News Release

BU Chobanian & Avedisian School of Medicine names Diversity, Equity, Inclusion & Accessibility of the Year recipients

Grant and Award Announcement

Boston University School of Medicine

(Boston)—Boston University Chobanian & Avedisian School of Medicine faculty members Ricardo Cruz, MD, MPH, MA, assistant professor of medicine, and Shamaila Khan, PhD, clinical associate professor of psychiatry, each have received the Diversity, Equity, Inclusion & Accessibility (DEIA) of the Year Award. Given annually by the school, the award recognizes faculty and staff who have done an extraordinary job at addressing and improving diversity and fostering a culture of inclusion, equity and accessibility throughout the school community.

Cruz joined the faculty in 2014. His clinical work at Boston Medical Center (BMC) focuses on primary care and treatment of substance use disorders for vulnerable populations including racial and ethnic minority communities and individuals with history of criminal justice involvement. He is also a physician in the Faster Paths to Treatment clinic, BMC’s innovative, low-barrier, substance use disorder bridge clinic.

His research interests include clinical innovations to address health and treatment disparities among people with substance use disorder. He was the principal investigator of the Department of Health and Human Services Office of Minority Health-funded Project RECOVER (Referral, Engagement, Coaching, Overdose preVention Education in Recovery), a project that utilizes peer recovery coaches to assist with engagement and retention of individuals with opioid use disorder into treatment and primary care services after completion of acute treatment services (detoxification). He has been a co-investigator on National Institute on Alcohol Abuse and Alcoholism and National Institute on Drug Abuse-funded randomized clinical trials testing medications for alcohol and cocaine use disorders.

Additionally, Cruz serves in the school’s Academy of Medical Educators where he teaches medical students during the preclinical doctoring courses with a focus on development of communication, physical exam, and clinical reasoning skills and is also an Associate Clerkship Director of Internal Medicine 3rd year clerkship teaching medical students how to care for patients in the hospital. 


“Dr. Cruz is a committed advocate for DEIA not only as a primary care clinician and addiction medicine specialist in the Section of General Internal Medicine, but also as an educator and innovator of programs addressing health inequities,” a colleague said in recommending Cruz for the award. “He provides exceptional care to Boston’s most underserved groups, many of whom face barriers to obtaining equitable health care.”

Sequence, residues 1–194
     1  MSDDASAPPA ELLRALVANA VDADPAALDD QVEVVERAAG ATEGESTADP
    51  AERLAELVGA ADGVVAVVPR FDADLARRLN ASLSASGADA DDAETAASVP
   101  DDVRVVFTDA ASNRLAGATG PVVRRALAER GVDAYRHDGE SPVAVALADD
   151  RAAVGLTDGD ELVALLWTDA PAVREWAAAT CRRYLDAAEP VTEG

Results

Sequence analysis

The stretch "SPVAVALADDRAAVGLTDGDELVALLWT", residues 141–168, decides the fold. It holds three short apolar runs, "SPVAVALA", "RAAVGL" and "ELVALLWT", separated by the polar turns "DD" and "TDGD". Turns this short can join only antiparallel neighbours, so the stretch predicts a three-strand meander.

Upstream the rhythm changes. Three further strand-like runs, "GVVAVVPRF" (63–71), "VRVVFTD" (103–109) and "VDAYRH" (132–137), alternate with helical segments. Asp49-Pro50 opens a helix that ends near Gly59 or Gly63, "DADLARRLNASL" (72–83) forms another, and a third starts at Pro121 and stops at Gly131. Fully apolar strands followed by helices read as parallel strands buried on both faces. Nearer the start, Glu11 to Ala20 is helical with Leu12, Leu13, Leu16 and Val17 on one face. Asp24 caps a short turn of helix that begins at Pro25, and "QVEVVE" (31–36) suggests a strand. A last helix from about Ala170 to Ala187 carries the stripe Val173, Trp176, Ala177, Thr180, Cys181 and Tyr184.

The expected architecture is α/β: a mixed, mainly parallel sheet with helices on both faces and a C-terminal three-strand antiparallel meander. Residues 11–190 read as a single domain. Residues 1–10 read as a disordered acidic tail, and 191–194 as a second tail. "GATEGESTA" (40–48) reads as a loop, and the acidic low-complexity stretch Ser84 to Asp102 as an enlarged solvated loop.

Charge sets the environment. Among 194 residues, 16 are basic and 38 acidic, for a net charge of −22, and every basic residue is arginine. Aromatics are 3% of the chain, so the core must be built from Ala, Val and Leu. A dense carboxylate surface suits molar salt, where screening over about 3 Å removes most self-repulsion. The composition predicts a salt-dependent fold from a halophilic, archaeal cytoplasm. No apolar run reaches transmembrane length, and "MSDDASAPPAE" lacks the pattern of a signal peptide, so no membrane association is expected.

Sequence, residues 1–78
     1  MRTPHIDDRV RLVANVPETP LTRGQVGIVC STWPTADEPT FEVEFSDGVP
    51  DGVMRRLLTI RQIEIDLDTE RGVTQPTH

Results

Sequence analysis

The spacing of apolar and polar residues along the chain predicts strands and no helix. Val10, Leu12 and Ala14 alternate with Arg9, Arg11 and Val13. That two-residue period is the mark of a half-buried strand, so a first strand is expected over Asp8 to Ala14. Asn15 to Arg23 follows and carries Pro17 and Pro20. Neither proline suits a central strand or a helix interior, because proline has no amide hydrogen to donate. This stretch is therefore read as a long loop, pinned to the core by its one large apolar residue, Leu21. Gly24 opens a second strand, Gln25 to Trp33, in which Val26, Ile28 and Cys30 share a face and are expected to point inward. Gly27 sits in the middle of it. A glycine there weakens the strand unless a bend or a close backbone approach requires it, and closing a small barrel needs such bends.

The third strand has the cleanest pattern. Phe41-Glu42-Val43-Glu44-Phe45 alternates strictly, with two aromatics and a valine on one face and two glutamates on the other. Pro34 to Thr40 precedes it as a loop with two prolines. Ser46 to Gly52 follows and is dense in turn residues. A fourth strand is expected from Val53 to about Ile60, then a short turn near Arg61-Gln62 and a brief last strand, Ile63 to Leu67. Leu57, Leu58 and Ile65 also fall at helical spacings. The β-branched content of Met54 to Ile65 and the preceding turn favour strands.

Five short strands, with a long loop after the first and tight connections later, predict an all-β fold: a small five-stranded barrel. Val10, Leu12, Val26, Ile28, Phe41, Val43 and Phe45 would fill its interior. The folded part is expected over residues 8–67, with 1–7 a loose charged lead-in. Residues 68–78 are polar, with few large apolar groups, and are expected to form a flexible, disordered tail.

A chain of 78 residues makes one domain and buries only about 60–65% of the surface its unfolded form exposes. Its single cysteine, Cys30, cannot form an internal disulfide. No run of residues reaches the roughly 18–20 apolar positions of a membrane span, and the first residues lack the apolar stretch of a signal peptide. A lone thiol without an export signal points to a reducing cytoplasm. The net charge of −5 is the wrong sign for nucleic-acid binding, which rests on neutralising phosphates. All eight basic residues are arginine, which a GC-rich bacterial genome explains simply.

According to another colleague, Cruz educates medical students and residents on the health impact and inequities driven by the criminal justice system. “Dr. Cruz is known as an excellent clinical teacher and his educational scholarship is deeply tied to the values of antiracism.”


Khan is a licensed clinical psychologist with a psychodynamic background and an interest in post-colonial theory. Her clinical, academic and research experience entails trauma and disaster relief work with a multicultural, decolonizing and social justice focus. She treats people with individual trauma, community-based trauma, immigration, racial and postcolonial trauma. She travels globally to provide culturally attuned disaster relief services.

Khan is the director for the Center for Multicultural Training in Psychology (CMTP) and Center for Multicultural Mental Health (CMMH). She was director of the Haiti SERG Program and then clinical director of the Resilience Training Program at BMC. She was also the first responder and the director of behavioral health services at BMC's Massachusetts Resiliency Center, serving the victims/survivors of the Boston Marathon Bombings. Most recently, she was director of the Family Support Center providing services to those impacted by the pandemic. 

Khan is a member of the Multicultural Concerns Committee and the Professional Issues Committee of the American Psychological Association (APA) Division of Psychoanalysis. She is APA's CoA (Committee on Accreditation) multicultural expert and site visitor. She additionally serves on the Disaster Behavioral Health Advisory Committee of the Massachusetts Department of Mental Health. She is also the co-chair for the DEI Committee and diversity champion for the department of psychiatry.

“Dr. Khan embodies what this award is meant to honor. I can think of no one at the medical campus who is more deeply engaged in promoting diversity among students, trainees, staff, and faculty—and who is more deserving of this recognition,” said a colleague who recommended her for this award.

According to another colleague, Khan creates and implements programs designed to improve DEIA, including pathway programs such as the Black Lives Matter Training series, and she has led a range of affinity groups, listening sessions and healing circles within the Medical Campus and the Boston community. “These efforts have made meaningful impacts as healing spaces related to the Boston Marathon bombing, COVID pandemic, George Floyd incident, anti-Asian hate incidents, LGBTQI hate crimes and, most recently, in relation to Israeli/Palestinian world events.”




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